Posted by : August 7, 2014| On :
By Pearl Cantrell
Monitor Staff Writer
CEDAR CREEK LAKE—Nine young people between the ages of 7 and 17 came back as champions from an international competition in Grapevine – The Legends of Kung Fu Tournament July 19-21. Each one trains at the Five Tigers Kung Fu School in Mabank.
Each Five Tigers competitor came back with a gold medal in her/his fighting division. Their sensei, Ellis Beam, said there were 225 competitors, both boys and girls, in beginner, intermediate and advance divisions.
“All our students returned with gold medals in their fighting division,” he said. “It’s rewarding to know the training these students are getting here and the effort they are making is recognized within the larger martial arts community.” The school has about 30 students in all, he said.
For some, it was their first competition in the Chinese martial art form. Zachary Kong, 7, has been training for two years. He said, “I feel good about winning.” He won gold in the beginner sparring division. He was also excited to receive a red pair of nunchucks, his parents purchased at the competition for him. He also won a silver medal in forms.
Forms are a string of movements done in succession which are judged on the timing of the movements, speed, agility, technique and stance – which demonstrates the competitor’s strength. Each form has a name, such as Plum Flower, Ung Long Choy and Plum Flower Staff.
Sparring is free-style fighting while wearing protective gear.
Seven-year-old Maggie Williams came back with two gold medals – one in sparring and a second in forms. She’s been with the school for nearly a year. She really liked looking over the weapons on display at the competition.
Sarah Beam, 8, competed at the intermediate level winning gold medals in sparring and forms and a silver in weapons, using a saber. She said practice made the difference in her performance. “I practice my forms every day,” she said.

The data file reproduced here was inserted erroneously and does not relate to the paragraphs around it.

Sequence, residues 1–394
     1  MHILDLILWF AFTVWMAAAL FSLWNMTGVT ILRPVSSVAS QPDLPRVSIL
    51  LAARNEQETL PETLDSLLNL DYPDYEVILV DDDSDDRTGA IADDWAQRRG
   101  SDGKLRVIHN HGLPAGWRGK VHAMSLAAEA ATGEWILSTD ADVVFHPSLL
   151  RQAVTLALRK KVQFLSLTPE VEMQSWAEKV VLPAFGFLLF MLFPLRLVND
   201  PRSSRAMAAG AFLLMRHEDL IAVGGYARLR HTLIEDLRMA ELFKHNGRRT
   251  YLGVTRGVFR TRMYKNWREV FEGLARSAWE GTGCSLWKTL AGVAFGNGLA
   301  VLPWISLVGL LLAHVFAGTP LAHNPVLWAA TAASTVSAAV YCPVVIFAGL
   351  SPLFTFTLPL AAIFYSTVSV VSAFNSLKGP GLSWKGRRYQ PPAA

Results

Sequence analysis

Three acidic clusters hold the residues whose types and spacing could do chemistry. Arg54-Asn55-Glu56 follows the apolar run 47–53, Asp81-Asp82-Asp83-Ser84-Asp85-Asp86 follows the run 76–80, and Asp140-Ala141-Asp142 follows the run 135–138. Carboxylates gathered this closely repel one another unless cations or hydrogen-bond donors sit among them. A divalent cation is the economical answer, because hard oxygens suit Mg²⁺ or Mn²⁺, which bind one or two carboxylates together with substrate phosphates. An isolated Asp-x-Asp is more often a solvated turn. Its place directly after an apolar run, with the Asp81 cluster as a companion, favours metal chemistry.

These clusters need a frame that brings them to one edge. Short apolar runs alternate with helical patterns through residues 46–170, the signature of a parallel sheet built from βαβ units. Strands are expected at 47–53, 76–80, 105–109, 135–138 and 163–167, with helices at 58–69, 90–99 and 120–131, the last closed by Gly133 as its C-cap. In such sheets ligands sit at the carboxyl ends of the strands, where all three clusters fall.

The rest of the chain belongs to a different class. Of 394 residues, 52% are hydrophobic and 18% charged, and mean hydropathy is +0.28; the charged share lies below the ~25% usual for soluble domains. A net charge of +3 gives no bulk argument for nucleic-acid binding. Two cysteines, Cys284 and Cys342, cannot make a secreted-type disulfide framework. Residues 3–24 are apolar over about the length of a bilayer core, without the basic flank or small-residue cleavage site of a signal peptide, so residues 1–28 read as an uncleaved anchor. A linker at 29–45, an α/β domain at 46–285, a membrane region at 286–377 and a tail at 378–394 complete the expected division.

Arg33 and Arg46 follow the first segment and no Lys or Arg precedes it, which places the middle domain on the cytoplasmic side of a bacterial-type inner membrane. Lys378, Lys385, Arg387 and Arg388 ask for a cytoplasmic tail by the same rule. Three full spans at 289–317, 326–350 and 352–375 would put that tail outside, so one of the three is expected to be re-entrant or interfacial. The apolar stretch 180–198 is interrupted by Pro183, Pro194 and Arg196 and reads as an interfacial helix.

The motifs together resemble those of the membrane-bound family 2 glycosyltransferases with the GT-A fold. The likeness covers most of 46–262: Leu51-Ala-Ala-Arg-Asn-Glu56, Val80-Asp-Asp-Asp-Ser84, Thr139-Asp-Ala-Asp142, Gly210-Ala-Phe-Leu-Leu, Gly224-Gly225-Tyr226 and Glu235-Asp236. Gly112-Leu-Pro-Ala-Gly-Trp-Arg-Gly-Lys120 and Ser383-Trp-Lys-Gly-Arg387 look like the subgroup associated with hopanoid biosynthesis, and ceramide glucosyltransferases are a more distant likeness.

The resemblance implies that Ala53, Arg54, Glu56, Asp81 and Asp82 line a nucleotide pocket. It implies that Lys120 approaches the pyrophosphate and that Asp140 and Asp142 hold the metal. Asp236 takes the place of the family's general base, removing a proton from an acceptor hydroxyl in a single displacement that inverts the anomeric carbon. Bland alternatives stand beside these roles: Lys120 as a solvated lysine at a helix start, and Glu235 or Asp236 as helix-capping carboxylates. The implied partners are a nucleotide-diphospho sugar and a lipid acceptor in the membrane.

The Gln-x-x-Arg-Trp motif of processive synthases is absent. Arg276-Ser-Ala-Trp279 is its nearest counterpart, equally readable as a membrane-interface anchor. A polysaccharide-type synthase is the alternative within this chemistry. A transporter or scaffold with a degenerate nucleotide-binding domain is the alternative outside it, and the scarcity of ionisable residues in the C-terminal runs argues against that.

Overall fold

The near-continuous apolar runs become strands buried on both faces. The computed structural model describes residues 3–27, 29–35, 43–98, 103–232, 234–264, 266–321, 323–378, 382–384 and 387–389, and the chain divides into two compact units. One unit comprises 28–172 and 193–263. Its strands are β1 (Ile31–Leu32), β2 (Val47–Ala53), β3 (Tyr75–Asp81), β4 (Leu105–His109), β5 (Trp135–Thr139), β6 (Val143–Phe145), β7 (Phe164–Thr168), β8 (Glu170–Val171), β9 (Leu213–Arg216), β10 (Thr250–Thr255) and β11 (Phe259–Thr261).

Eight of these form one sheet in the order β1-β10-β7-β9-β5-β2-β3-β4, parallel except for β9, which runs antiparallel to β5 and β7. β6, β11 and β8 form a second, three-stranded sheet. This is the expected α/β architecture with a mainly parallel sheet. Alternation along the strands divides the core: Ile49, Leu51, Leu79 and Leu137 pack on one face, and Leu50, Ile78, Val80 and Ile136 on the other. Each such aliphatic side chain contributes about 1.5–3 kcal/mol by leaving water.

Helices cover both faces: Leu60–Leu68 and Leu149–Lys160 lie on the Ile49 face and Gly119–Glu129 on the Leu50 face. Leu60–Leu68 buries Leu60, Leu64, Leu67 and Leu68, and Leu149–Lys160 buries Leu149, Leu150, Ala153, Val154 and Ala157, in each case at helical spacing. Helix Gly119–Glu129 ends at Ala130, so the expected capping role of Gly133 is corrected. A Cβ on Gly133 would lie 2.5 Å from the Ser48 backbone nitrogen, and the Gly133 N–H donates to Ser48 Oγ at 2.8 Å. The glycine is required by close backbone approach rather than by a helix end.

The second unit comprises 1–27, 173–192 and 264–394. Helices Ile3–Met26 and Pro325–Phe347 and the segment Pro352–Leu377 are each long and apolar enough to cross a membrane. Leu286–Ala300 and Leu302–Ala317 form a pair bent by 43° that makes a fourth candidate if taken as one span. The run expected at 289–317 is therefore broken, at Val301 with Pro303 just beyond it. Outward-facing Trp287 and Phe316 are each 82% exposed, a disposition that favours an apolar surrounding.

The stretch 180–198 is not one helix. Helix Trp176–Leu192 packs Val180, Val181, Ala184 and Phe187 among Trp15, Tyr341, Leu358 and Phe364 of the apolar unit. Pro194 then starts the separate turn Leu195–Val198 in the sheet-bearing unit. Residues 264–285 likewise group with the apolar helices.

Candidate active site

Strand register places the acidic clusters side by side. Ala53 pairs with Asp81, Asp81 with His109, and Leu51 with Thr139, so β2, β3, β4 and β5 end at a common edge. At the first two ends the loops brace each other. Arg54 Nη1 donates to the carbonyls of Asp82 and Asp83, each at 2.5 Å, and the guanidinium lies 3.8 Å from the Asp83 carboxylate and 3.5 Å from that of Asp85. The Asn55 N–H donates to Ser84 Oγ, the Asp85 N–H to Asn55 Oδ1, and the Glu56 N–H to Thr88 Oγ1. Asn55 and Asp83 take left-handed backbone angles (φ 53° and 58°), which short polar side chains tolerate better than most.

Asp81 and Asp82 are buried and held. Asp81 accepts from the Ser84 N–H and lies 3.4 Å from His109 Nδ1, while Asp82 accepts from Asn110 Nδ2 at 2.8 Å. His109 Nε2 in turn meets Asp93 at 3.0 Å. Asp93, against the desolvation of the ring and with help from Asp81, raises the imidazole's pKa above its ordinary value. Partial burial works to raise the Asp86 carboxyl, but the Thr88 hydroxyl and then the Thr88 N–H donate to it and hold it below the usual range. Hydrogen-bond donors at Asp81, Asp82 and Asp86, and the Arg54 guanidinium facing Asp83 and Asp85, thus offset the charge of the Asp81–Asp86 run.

Logan Atkinson, 10, competed at the advanced level taking gold in forms and bronze in weapons – spear.
Eleven-year-old Lee Anne Kong has been training with Five Tigers Kung Fu School for two years and this was her first competition. She said she really had a lot of fun being with her friends. She brought back a gold, silver and bronze medal in sparring, forms and weapons, saber.
Hunter Stipe, 12, just started on his second year of training. He’s involved in lots of different sports all year long, but is really excited about his martial arts training. He feels the training makes him stronger and work harder than he would otherwise. He expects the training to give him an edge in his other sports activities, and even in his scouting. He described the competition as an “awesome opportunity.” He also earned two gold medals in the beginner division for sparring and forms. “I feel proud of myself.”
Twelve-year-old Natalie Smith trains at the dojo four times a week and has been with the school for four years. Sparring is her favorite because “You have this feeling of pushing yourself to the limit so you can win,” she said. “Sparring is a lot of fun.” She competed at the advanced level and won a gold medal in sparring and silver in hand forms.
Addison Tregre, 15, is a first-degree black belt and also serves as an instructor at the school. She took gold medals in forms and sparring at the advanced level and a bronze medal in weapons – spear. She’s been practicing kung fu for eight years and trains three times a week. Since she’s been to a couple of these competitions in the past, she wasn’t as nervous as she has been in the past, so she enjoyed watching the other competitors. She feels that her practice of the martial arts has given her a sense of confidence and self respect.
Ariel Ashton, 17, just started martial arts last year and has really seen a difference in herself. “I didn’t have a lot of self-confidence before and I didn’t have many friends,” she said. All that’s different now. “I used to never talk to people, now I talk a lot more.” She’s an honor student at Eustace High School. She competed as a beginner and earned gold medals in sparring and forms.
Two adult Tai Chi students also competed. Ben Edens won gold in straight sword and second in hand forms. His wife, Isabelle, gained a bronze medal in hand forms.
Posted by : August 3, 2014| On :